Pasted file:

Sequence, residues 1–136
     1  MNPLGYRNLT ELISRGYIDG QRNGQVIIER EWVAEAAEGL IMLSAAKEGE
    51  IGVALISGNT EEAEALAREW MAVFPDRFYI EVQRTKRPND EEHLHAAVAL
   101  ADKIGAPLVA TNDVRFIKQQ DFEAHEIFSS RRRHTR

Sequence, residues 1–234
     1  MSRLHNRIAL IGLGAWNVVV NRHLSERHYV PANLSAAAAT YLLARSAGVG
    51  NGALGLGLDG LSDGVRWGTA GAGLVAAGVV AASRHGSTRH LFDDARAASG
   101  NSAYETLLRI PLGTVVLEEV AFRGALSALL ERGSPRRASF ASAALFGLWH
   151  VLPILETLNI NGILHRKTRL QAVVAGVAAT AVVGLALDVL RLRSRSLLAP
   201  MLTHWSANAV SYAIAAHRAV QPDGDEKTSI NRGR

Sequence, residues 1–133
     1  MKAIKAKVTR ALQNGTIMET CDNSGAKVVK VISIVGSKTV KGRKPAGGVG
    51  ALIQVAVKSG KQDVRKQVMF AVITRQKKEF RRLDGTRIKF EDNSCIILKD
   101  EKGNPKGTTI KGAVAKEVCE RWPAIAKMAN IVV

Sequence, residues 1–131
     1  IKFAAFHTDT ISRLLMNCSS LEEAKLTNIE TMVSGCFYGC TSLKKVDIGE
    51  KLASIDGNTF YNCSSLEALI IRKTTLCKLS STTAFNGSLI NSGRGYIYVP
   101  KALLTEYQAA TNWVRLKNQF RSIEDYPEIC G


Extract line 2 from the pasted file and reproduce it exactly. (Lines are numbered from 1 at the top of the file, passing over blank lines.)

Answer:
     1  MNPLGYRNLT ELISRGYIDG QRNGQVIIER EWVAEAAEGL IMLSAAKEGE